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John Marshall’s Enduring Legacy at Virginia’s Landmark Capitol

January 7, 2016 by Mark Greenough

By Mark Greenough,
Tour Supervisor & Historian, Virginia State Capitol

Although Virginia cousins John Marshall and Thomas Jefferson became famous political rivals, as a young man Marshall benefited from Jefferson’s actions in at least two ways. In 1780 Governor Jefferson signed Marshall’s license to practice law. In 1785 Ambassador Jefferson designed a new Virginia State Capitol in the form of a monumental Roman temple with various rooms for legislative, executive and judicial functions. Marshall later wrote that he had decided to run for public office again in 1788 “partly because the capitol was then completed, and the courts and the legislature sat in the same building.” He explained the new arrangement would allow him, without much inconvenience, to leave the bar and “take part in any debate in which I felt a particular interest.

For more than 40 years John Marshall performed a variety of public duties at Virginia’s Capitol and on the Square. As a freemason, he attended the cornerstone laying ceremony in 1785. As a legislator, Marshall was the first man to represent the city of Richmond in the General Assembly, serving in the House sessions for 1789-1790 and 1795-1796. In 1795 Marshall’s spirited defense of the Jay Treaty during floor debates brought him favorable attention with Federalist leaders outside Virginia.

As an appellate lawyer, Marshall argued cases before the Virginia high courts and the Federal district and circuit courts, which originally sat in the Capitol. In the early 1790s Marshall teamed up with Patrick Henry to successfully defend Virginians involved with the British debts cases argued before Federal judges and justices. Eager crowds gathered on the Capitol portico, drawn by the legal battles inside. In 1797 famed US Capitol Architect Benjamin Latrobe wrote “John Marshall . . . is superior to every other orator at the bar of Virginia in closeness of argument.” After several visits to Virginia’s Capitol, Latrobe marveled that Marshall “speaks to the man of plain common sense, while he delights and informs the most acute.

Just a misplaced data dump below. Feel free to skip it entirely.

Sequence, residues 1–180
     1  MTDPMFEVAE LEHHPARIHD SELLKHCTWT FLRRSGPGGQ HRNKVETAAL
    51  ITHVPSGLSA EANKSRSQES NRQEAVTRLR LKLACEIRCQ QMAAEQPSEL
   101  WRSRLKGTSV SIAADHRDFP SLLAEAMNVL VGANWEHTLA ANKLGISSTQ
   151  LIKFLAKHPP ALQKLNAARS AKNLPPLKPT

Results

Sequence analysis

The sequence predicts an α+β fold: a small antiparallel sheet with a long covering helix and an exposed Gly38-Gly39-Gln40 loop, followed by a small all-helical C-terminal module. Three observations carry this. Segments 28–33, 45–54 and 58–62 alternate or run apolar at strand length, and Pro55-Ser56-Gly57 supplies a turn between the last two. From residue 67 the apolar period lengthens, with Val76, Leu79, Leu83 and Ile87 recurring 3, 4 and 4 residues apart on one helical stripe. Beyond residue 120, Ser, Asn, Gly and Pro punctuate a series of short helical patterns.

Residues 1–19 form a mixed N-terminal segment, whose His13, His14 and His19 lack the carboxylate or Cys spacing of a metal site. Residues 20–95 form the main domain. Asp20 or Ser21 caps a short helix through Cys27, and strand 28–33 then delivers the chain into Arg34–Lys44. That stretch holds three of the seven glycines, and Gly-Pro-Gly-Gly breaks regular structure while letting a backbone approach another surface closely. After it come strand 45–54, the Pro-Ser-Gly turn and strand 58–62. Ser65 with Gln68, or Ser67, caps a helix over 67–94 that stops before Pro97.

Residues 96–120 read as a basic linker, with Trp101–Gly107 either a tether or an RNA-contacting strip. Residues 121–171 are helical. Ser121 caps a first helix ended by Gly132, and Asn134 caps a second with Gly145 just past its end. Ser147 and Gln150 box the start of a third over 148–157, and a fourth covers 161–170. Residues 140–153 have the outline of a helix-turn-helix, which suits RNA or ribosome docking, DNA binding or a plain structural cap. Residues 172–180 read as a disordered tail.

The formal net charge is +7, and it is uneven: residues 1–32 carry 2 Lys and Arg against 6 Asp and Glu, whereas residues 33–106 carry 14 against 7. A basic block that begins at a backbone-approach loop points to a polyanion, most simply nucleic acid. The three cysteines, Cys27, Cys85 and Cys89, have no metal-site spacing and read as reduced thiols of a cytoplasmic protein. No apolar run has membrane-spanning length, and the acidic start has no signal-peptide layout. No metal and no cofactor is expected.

As Chief Justice of the United States, Marshall presided over spring and fall sessions of the Federal circuit court, which met inside the Virginia Capitol well into the 1820s. In 1807 Marshall and Federal district court judge Cyrus Griffin presided over the famous treason trial of Aaron Burr in the old hall of the House of Delegates. After months of proceedings, the trial jury found Burr “not proved to be guilty.” Marshall wrote to a friend that he had been “fatigued & occupied with the most unpleasant case which has ever been brought before a Judge.” Marshall concluded, “I might perhaps have made it less serious to myself by obeying the public will instead of the public law.” In later years Marshall heard Caribbean piracy cases at the Capitol, resulting in both hangings and executive pardons.

As an agreeable Master of Ceremonies and a veteran of the American Revolution, Marshall was chosen to deliver the speech welcoming the Marquis de Lafayette to Richmond in October 1824. Before a large crowd gathered on Capitol Square, Marshall praised Lafayette’s prudence and “persevering courage” as Washington’s commander in Virginia, extolling Lafayette’s masterful skills leading his Continental troops and Virginia militia to support “the great achievement” of trapping the British at Yorktown in 1781, which “accomplished the independence of the United States.

In 1829 Richmonders chose an aging John Marshall to serve as a delegate to the Virginia Constitutional Convention, which held many of its committee meetings and floor sessions inside the Capitol. Marshall chaired the Judiciary committee and worked with his old colleagues James Monroe and James Madison to help create a new Constitution for the Commonwealth. The “Convention of Giants” completed its labors in 1830, with the independence of Virginia’s judiciary intact. John Marshall died five years later, “as much loved as he was respected.

Today the presence of John Marshall still lingers inside and outside the Capitol. A portrait of Marshall hangs inside the Governor’s old office suite on the third floor and a marble bust of Marshall presides over ongoing events in the Old House Chamber. Outside on the Square, a bronze statue of Marshall, hefting a large volume of “Justice,” stands resolutely below the equestrian figure of General Washington. As visitors move through the modern Capitol extension to the historic building upstairs, they encounter a Jefferson quote: “The most sacred of the duties of a government [is] to do equal and impartial justice to all its citizens.” Regarding this public duty, it seems possible Marshall and Jefferson would finally be in agreement.

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